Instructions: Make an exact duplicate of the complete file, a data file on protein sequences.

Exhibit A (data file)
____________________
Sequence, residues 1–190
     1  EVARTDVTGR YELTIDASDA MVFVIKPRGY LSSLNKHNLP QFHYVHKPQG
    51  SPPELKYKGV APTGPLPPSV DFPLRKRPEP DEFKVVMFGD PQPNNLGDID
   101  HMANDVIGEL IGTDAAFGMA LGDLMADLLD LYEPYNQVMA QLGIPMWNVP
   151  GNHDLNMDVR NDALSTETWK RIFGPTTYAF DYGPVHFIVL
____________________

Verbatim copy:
Sequence, residues 1–190
     1  EVARTDVTGR YELTIDASDA MVFVIKPRGY LSSLNKHNLP QFHYVHKPQG
    51  SPPELKYKGV APTGPLPPSV DFPLRKRPEP DEFKVVMFGD PQPNNLGDID
   101  HMANDVIGEL IGTDAAFGMA LGDLMADLLD LYEPYNQVMA QLGIPMWNVP
   151  GNHDLNMDVR NDALSTETWK RIFGPTTYAF DYGPVHFIVL